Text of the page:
Use less, recycle more, keep things longer

Quick, which is the better course of action.  Repair and continue to use my 1997 Ford Explorer or purchase a new, environmentally-friendly electric SUV or hybrid?  This may surprise you but hanging onto your old vehicle is almost always more earth-friendly than purchasing a new one.  Even if the mileage on the old clunker is down to 14 mpg and the eco-friendly replacement is 60 mpg, it is still better overall to hang onto the old one.   The same is true for your clothes, your appliances and even your house.  It is always better to repair and continue to use something rather than purchasing a new replacement.  What about your smartphone? Challenging news here too.  The planet will be better off (and hence, your grand children and later generations) if you just hang onto that old smart phone.  The average user now replaces their smart phone once every two years.  Just keeping your phone a year longer is a gift to everyone.  Besides, only 1% of all cell phones are recycled.  The rest just go to the dump.   One reason for this curmudgeonly view of all things new, glittering and technical is that smart phones require lots of “rare earth metals” to produce.  China controls most of the global market in these 17 essential elements.  While they are not so rare (the US Geological Survey lists them as “moderately abundant”), the process of separating the useful metals from their ore is expensive and produces a huge amount of highly acidic and radioactive waste.   There is also a high carbon-cost to producing computer technology including smart phones.    The tech companies love to get us addicted to the new “features” so that we will buy all the latest stuff.  In reality, the tech companies are just creating seasonal fads like the clothing, food and paint industries.   We are so easily convinced that we won’t be complete, whole human beings unless we have the latest big screen phone with all the new features.  But most of us need a phone, Internet access, text messages and email.  The rest is just fluff.  OK, the cameras are nice too.   My bucket list for the real functionality I need from computational devices will probably go to the grave with me.  Tech companies make their money by attracting users to functions they can see on the screen.  What I want and need is invisible to the eye.  Just three things:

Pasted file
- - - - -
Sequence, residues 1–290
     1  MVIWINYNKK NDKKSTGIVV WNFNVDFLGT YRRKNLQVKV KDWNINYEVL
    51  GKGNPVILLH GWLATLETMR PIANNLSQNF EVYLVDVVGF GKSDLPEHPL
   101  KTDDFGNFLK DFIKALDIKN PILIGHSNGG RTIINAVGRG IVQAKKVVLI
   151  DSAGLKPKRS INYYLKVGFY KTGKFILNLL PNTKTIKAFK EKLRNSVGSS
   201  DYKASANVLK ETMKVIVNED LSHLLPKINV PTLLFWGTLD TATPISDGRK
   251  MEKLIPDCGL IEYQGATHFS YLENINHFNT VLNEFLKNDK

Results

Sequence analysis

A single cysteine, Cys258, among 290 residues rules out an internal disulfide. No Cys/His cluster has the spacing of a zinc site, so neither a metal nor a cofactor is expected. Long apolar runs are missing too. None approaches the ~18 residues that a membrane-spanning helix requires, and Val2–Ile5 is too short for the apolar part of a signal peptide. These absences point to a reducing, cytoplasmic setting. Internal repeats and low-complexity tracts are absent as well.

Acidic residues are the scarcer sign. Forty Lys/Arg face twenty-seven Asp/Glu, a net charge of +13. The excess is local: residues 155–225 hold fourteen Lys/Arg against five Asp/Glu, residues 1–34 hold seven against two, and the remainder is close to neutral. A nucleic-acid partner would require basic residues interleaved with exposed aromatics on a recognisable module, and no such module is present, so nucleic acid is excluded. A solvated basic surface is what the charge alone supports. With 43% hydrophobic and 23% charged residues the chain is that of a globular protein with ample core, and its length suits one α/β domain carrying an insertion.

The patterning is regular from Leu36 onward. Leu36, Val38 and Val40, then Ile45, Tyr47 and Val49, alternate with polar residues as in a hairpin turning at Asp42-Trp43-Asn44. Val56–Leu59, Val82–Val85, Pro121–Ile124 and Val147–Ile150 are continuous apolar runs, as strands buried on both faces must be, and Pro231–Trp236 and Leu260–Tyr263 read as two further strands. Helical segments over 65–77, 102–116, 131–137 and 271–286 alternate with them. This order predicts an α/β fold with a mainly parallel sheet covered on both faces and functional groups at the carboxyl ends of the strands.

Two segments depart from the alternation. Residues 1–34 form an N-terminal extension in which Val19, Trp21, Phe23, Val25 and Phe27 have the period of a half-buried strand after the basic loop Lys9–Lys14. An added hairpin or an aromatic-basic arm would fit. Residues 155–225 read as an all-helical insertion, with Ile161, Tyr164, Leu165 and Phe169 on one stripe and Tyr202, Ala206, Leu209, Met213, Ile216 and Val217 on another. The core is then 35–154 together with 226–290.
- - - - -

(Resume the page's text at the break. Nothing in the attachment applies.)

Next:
• Reliability – I want my smart phone or my laptop to work every time I turn it on. I don’t want to wait 20 minutes for an “upgrade” that could have been downloaded and installed the night before.  I don’t want to know that malicious software ransomed all my files.  No excuses.  This is the 21st  How about a reliable platform?
  • Stability – I want my device to perform at the same level all the time. Today my coterie of electronic wizards gives me all kinds of excuses why it takes a word processing program forever to start or why my Blue Tooth suddenly won’t connect to my hearing aid.  The stuff should work, all the time.
  • Security – The internet was never designed to be secure. As a result, security on the internet is a series of band-aids applied on top of a gaping arterial wound.  Do you really need all those new apps and features, or would you rather pay more, and rest assured that some starving hacker in Croatia isn’t going to steal all your personal information?

The reason I mention this is that a new, “upgraded” phone will not likely do any better with these important needs than your old one.   Or perhaps people just enjoy going to the cell phone store and spending hours trying to decide while an underpaid clerk tries to “upsell” you.  But if you keep your phone, you will maintain a level of stability and at least you know the relative reliability of the old device.  If you keep your phone, you will do the planet and the people who come after you a favor.  Apply that strategy to everything you own.  Rinse, repeat.  Pretty soon, the world will be a better place.

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